This is a collection of teachings, musings, and thought provoking passages from the television show, “Kung Fu,” which starred the late David Carradine and aired from 1972 through 1975.
Dear Reader, fellow martial artists, and others who are seeking “The Way,”
I have compiled this collection of dialog from all 63 episodes from the original Kung Fu television series. This was accomplished in an effort to enlighten some spiritually. But it was also begun to aid the student in his/her lifelong journey in the martial arts. In my 50 plus years as a student, the more I learn of the various styles and disciplines, the more I observe the similarities among them. Like the world’s great religions, the goals are similar, but the paths vary. After much thought and research, I have concluded that it is unreasonable to say that one style or art is better than any other. In the final analysis, it is always the student that makes one art better than another depending upon the path that student has chosen. And we are, after all, all students.
I have prepared this paper as a requirement for my nomination to be honored as a Kyoshi, as well as receiving my NanaDan (7th degree) in Uechi-Ryu karate. I thank Master George Mattson for nominating me for this Honorarium. His multiple books on the “The Way,” gave me a strong foundation and inspired me to move individually towards my own path.
Fifty years ago in America, there was an explosion of interest in the Asian Martial Arts. As competitors, Norris, Lewis, and Wallace entertained the tournament circuits, while others joined in on a new wave of emerging action films. Eventually Norris, Lewis and Wallace headed to the silver screen themselves, but the biggest box office success was, of course, Bruce Lee. Unfortunately, Bruce passed away before seeing his block buster, “Enter The Dragon,” make its mark on the Arts. Though others continued on, it was always Lee who was the yard stick by which everyone else was measured.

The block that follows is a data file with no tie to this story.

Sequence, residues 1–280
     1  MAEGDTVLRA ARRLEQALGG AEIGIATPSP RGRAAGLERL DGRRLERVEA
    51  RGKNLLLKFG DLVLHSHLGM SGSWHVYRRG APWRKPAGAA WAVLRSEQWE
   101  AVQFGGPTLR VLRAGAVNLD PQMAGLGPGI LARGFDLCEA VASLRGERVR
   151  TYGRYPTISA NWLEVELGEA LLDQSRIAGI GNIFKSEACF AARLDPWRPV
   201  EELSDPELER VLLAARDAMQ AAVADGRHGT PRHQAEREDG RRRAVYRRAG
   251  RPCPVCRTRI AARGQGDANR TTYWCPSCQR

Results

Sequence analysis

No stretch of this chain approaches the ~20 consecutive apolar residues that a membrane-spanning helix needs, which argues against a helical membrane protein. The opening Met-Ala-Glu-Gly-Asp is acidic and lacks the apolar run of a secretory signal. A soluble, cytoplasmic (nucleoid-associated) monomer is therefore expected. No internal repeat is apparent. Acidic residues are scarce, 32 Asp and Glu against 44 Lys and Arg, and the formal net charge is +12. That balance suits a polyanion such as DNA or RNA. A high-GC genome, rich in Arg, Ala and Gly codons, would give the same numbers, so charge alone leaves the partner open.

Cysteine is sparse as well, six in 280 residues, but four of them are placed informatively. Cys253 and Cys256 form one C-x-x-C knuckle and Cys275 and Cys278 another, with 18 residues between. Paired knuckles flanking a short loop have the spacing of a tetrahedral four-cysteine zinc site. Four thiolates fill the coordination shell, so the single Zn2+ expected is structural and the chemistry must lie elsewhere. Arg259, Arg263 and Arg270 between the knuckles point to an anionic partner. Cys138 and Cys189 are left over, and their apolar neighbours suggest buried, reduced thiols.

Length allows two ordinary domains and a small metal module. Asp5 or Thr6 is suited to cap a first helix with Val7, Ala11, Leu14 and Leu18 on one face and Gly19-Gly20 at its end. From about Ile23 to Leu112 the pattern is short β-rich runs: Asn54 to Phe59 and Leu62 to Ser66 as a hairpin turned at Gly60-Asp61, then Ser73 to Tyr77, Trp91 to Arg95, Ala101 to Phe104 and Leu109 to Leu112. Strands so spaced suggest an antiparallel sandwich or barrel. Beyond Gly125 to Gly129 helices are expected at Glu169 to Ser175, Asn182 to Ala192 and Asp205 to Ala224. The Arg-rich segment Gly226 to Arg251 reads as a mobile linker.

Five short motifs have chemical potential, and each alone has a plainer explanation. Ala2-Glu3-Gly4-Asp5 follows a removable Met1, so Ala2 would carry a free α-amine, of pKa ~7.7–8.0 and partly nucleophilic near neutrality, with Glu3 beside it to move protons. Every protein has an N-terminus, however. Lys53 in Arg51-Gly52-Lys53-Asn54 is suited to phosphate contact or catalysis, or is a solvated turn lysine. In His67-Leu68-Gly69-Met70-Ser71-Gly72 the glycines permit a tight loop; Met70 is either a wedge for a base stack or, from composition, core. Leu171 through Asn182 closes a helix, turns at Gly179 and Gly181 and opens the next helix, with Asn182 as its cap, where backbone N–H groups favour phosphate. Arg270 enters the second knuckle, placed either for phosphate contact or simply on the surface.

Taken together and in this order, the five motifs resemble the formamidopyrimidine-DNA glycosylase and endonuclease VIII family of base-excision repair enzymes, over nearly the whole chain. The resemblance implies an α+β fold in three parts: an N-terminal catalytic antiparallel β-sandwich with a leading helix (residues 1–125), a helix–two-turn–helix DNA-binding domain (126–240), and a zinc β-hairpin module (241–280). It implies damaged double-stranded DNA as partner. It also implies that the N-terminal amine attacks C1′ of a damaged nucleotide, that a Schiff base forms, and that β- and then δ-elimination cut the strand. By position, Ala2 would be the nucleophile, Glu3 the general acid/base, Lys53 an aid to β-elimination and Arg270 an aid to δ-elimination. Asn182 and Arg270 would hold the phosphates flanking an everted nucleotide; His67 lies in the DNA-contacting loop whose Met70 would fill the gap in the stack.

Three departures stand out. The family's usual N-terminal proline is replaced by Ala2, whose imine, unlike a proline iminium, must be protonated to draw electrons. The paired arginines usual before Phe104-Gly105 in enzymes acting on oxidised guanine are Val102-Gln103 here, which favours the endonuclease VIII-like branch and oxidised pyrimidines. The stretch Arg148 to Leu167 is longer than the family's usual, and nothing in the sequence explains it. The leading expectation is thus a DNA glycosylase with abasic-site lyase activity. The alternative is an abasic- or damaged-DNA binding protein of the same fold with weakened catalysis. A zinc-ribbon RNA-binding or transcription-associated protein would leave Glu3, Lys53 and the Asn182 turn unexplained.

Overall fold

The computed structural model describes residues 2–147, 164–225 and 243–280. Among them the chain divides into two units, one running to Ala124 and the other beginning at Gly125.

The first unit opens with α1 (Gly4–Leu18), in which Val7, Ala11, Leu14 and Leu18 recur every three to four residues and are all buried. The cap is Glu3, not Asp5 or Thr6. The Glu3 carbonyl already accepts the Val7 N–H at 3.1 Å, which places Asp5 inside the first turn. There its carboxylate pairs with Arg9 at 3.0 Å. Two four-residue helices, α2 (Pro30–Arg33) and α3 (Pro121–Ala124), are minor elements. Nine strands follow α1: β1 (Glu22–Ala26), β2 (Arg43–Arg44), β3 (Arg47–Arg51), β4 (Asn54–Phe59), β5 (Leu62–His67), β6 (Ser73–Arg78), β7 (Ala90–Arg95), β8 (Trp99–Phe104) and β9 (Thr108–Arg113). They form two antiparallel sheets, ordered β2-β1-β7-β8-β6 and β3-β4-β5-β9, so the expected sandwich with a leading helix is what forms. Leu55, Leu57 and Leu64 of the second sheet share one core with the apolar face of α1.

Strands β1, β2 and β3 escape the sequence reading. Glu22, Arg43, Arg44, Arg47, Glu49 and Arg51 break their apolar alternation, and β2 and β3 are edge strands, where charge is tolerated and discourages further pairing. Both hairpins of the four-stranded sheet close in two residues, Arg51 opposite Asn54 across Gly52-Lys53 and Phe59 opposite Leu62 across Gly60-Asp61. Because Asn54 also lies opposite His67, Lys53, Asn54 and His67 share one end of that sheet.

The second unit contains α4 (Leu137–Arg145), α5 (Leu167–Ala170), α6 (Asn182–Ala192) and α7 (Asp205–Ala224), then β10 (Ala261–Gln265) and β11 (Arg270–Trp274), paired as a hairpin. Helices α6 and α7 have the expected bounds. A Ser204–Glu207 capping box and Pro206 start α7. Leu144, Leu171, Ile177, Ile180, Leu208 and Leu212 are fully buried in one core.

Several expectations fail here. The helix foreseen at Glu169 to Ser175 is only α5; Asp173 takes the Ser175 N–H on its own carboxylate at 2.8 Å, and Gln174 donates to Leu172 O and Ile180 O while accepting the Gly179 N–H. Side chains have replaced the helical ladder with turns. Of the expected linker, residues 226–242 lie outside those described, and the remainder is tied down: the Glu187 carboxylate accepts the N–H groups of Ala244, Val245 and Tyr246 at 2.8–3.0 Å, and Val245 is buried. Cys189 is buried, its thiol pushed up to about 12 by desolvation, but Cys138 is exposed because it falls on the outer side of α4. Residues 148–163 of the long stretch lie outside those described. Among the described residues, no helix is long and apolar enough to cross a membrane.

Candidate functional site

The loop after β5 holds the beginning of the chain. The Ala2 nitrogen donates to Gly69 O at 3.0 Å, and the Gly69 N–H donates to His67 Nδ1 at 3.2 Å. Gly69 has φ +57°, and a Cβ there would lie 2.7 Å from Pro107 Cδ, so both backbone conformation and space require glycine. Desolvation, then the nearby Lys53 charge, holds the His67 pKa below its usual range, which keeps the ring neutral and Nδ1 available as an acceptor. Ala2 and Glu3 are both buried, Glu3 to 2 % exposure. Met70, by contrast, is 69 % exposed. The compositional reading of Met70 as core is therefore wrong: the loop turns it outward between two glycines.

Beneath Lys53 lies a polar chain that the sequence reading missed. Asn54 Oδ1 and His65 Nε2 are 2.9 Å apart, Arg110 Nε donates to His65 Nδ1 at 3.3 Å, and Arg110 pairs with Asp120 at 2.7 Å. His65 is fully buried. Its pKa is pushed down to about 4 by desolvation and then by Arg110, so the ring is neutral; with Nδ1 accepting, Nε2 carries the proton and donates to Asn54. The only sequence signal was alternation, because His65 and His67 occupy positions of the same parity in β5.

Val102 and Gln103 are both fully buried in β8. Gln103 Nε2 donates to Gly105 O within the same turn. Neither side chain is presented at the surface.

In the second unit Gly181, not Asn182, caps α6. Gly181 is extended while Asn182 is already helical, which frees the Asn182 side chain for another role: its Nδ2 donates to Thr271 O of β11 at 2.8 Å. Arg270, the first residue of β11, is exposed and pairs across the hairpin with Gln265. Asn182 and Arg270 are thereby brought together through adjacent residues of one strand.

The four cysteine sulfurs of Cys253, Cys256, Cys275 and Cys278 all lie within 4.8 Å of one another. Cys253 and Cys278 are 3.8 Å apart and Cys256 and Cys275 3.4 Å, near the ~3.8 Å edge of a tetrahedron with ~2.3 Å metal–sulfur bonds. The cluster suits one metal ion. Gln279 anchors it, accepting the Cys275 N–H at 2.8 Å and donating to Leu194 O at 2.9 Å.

It has been speculated (perhaps correctly) that it was Bruce Lee who originated the idea of a “wild-west” Kung Fu television series. Instead of him being selected for the role when it was announced, it was David Carradine who was chosen as the show’s star. Of course, Lee had been chosen for the film role in “Enter The Dragon,” so it is doubtful that his spirits were dampened.
The concept, or “theme,” of Kung Fu, traces the travels of Kwai Chang Caine throughout the American Old West. While searching for his half-brother, Caine chances upon all sorts of individuals who need help and training in anger management. Almost every episode contains a short “Kumite,” interlaced with words of wisdom from Masters Po and Kan at the Shaolin Monastery. The viewer may also travel back to the Monastery with Kwai Chang to see him in training. Of course, we become aware that Kwai Chang has escaped the authorities after he killed the Emperor’s nephew – after the Emperor’s nephew killed Master Po.